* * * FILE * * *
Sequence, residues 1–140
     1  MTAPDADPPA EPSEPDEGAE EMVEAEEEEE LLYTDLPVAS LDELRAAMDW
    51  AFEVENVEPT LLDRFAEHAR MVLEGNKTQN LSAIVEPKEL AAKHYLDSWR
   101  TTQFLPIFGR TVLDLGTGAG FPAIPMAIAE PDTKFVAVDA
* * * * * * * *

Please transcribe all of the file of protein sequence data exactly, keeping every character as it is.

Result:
Sequence, residues 1–140
     1  MTAPDADPPA EPSEPDEGAE EMVEAEEEEE LLYTDLPVAS LDELRAAMDW
    51  AFEVENVEPT LLDRFAEHAR MVLEGNKTQN LSAIVEPKEL AAKHYLDSWR
   101  TTQFLPIFGR TVLDLGTGAG FPAIPMAIAE PDTKFVAVDA